Scuba diving has been a thrilling recreational activity that has been a favorite of many outdoor adventure seekers for years. However, many people find it a cumbersome activity with all the equipment and training that is involved. The equipment and training that scuba divers go through is the preparation for the most rewarding underwater experience. As you prepare and start looking for a scuba diving adventure, here are some things that you expect from the activity.
Preparation for the Dive
During this phase, divers are paired off, dive leaders and buddies identified, responsibilities assigned and explained and the safety measures are discussed. The site details like terrain, depth, tide, visibility, exit and entry points are also briefed. Weather will also be part of the talk with instructions being offered in case there will be a need for an alternative dive site. Other processes that will be addressed at this stage include buddy breathing, decompression stops, and embolism. At the briefing you will also be required to fill out a medical questionnaire showing any medical conditions that are likely to affect your scuba diving experience.
Familiarizing with Equipment
You will also be briefed about equipment and be taught how to utilize scuba diving gear properly. You and your designated dive buddy will learn how to responsibly keep tabs on each other’s equipment before and during the scuba dive. You also get to learn about the different suit and gear that will help you adapt to the different types of water temperature.
Scuba diving is an exhilarating sport that involves strict adherence to basic procedures. This is the time that you can now apply your newly acquired skills. You will suit up, complete with your tank and get the feel of being in your scuba gear. At first, it may seem to be very heavy and bulky, but once you get in the water, everything becomes amazingly weightless.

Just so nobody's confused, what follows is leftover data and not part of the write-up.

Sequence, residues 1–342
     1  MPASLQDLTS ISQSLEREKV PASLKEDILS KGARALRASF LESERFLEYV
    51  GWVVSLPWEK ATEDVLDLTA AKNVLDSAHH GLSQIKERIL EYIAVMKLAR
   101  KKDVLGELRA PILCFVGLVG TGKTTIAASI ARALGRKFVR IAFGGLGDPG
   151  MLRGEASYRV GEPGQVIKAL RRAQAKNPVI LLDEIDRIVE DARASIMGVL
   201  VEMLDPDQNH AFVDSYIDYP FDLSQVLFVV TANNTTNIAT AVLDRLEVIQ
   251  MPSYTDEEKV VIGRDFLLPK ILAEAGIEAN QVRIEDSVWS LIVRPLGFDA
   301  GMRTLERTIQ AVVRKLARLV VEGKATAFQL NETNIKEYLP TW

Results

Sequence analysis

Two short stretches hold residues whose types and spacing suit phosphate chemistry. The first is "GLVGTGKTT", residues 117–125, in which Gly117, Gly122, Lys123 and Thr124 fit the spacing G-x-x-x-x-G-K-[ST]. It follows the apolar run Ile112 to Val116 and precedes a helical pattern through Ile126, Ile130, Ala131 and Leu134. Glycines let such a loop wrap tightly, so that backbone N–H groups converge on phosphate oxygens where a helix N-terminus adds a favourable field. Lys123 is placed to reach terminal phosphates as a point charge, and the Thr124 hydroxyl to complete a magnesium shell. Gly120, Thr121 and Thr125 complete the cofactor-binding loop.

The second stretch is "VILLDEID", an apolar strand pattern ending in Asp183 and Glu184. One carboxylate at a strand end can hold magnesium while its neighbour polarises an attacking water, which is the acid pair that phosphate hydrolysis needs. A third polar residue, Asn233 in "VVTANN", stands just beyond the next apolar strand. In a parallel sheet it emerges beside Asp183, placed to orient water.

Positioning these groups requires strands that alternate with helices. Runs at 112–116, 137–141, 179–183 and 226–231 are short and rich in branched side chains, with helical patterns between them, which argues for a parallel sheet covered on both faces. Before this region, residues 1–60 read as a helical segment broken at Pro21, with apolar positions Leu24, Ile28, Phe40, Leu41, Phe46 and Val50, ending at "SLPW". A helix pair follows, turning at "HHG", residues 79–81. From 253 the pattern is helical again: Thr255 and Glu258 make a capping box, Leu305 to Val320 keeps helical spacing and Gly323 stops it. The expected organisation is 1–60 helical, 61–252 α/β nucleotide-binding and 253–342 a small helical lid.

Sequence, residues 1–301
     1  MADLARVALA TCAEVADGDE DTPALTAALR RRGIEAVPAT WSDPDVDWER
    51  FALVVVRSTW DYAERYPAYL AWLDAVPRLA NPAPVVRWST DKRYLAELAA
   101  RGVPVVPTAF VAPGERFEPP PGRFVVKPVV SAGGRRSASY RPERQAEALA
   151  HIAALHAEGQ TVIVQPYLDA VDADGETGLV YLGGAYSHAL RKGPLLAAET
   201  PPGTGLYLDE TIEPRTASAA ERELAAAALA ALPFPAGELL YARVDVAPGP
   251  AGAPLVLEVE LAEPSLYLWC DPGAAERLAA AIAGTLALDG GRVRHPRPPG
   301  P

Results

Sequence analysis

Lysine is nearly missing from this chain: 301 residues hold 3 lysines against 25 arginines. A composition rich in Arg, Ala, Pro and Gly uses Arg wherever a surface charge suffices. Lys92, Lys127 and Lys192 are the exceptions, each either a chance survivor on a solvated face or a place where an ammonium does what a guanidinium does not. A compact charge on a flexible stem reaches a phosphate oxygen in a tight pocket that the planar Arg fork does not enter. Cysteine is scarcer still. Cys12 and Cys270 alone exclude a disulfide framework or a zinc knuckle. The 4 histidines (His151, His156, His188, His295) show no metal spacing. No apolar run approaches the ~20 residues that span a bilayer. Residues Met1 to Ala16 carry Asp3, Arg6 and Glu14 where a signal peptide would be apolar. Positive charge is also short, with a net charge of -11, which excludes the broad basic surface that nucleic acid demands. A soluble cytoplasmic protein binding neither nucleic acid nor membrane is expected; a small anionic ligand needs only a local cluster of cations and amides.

You may not show your diving skills correctly, and it is expected. The majority of first time divers find buoyancy control the most difficult among all the diving tasks. The scuba dive guides and instructors will closely monitor participants and if you feel uncomfortable during the dive, they will be available to give you help and support. The key to a successful diving activity is to keep calm and inform the diving buddy or instructor of any concerns.
It is a requirement that you log your scuba dive. Details like how you feel about it, your observation, what went right or wrong and the part you think you struggled with. From these logs, the instructor will offer a debrief to the trainees to learn from each other’s experience and make sure that dive concerns are well handled.